So if the projection holds (and as we know it may not), we will see high pressure build across The Bay of Biscay and this will push warm up from The Med and Africa into the south of England. Here’s the GFS outlook for next Wednesday (below) so you can see how it looks..

Now as we know, the force is strong (sorry) with The Atlantic jet stream and so we could easily see this change in my view but if it does occur it’ll mean warm air building from mid-week, next week.

So next week looks like starting unsettled for the north west of Ireland and Scotland but most of the rain associated with the Atlantic fronts will be pushed north and west of us and over the top. So a dry week for most areas next week with steadily building temperatures up into and through the mid-teens. Normally when I see orange on a heat map it means high teen temperatures, so I’d say if we stay on track it’ll be a beautifully warm and dry week with the best temperatures from mid-week onwards and knocking on 20 degrees. Can’t actually believe I’m typing this and that’ll it’ll stay on course but after a wet week this week, it would be just what the doctor ordered in terms of drying down areas, however it will have some other knock on effects which I’ll discuss below. Later on next week we may lose some of that temperature but remain largely dry with a cooler airflow and more cloud cover. It’s going to be so interesting to see if this actually comes to pass !

Agronomic Notes

As mentioned above, there are a number of consequences of such a rapid change from freezing temperatures, to mild wet and windy, to potentially stable, warm, high pressure, I’ll discuss these below ;

Growth Outlook

Daily Growth Potential actual and projected – February 2021 – Location – Great Dunmow, Essex

Above is a chart showing the actual daily G.P for a site in Essex and I’ve also added the projected daily G.P from tomorrow till the end of February. Now of course this is just one location but we can expect pretty similar figures across England, Wales and Ireland over the next 7-10 days if the high pressure system stays on track to appear next week. Scotland will be sitting some 20% under these sort of figures up until next week but if we get the mild, war high pressure, so will they next week.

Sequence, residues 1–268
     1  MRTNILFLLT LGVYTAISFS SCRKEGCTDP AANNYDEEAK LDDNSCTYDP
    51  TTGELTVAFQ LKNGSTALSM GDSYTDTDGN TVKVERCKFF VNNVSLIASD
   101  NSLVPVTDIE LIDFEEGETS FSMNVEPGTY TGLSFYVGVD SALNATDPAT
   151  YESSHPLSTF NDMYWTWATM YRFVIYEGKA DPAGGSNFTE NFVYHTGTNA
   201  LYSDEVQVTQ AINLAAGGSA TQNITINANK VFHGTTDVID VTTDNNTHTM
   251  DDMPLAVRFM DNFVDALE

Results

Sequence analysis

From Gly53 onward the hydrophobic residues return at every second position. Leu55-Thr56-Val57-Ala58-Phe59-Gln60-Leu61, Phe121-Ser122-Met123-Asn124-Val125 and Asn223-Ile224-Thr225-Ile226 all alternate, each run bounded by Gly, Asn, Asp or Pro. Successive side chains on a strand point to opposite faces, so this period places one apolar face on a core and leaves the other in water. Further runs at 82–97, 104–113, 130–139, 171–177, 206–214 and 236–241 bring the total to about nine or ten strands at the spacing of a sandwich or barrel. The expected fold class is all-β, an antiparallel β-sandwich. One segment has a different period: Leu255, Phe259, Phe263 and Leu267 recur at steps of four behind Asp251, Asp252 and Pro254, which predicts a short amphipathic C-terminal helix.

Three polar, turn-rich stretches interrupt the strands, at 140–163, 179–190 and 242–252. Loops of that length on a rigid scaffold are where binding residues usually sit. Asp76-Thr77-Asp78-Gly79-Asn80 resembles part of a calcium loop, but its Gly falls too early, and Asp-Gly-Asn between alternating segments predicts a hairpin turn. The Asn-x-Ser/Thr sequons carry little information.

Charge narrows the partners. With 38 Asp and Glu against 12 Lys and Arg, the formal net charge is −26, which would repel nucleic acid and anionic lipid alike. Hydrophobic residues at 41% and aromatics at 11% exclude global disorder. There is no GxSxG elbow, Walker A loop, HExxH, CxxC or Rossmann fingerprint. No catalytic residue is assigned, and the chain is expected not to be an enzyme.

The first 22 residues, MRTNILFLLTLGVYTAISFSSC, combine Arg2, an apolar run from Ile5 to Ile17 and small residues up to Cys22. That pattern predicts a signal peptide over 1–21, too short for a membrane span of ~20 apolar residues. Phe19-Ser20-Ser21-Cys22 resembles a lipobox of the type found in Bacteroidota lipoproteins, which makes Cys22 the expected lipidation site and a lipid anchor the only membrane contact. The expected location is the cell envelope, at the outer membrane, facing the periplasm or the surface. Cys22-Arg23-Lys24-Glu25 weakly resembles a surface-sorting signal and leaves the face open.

So you can see we will pick up some growth not only because of rising air temperature but because we will be mild and wet this week, the soil temperature will increase as well due to the effect of warm rain.

Indeed this process is already underway in locations that have had rain overnight and this morning. The soil thermometer sensor at the location above showed 1.5°C at 25mm depth @ 7.30 a.m. this morning but is now showing 7.3°C, an increase of 5.8°C in a little over 5 hours !

This thermometer is placed in a high % sand rootzone which as we know is more reactive to both increases and decreases in soil temperature than a soil based rootzone. Interestingly I can see that whilst the soil temperature is increasing in the top 75mm of the rootzone, it is still sitting just above freezing below that such was the depth of frost penetration recently. The site received 2mm of overnight rain and its clear that this has aided the rapid increase in soil temperature but only to a certain depth.  By tomorrow morning I expect this trend to have continued deeper into the profile.

So we can see a rapid increase in soil temperature and air temperature from the forecast which will then lead to a significant growth hike over the next 7-10 days subject to the weather playing ball. Now it’s to be accepted that this weeks anticipated rainfall will make cutting / maintenance pretty tricky across the west and north of the U.K and Ireland, but further south and east may be in a better position. If next week’s high pressure comes to pass, then we should all have the possibility of getting some dry weather cuts in, which is nice (cue Fast Show smug face)

We must also remember that we may pick up some brighter, sunnier weather on some of the days and the increase in light levels will be also lead to an increase in growth.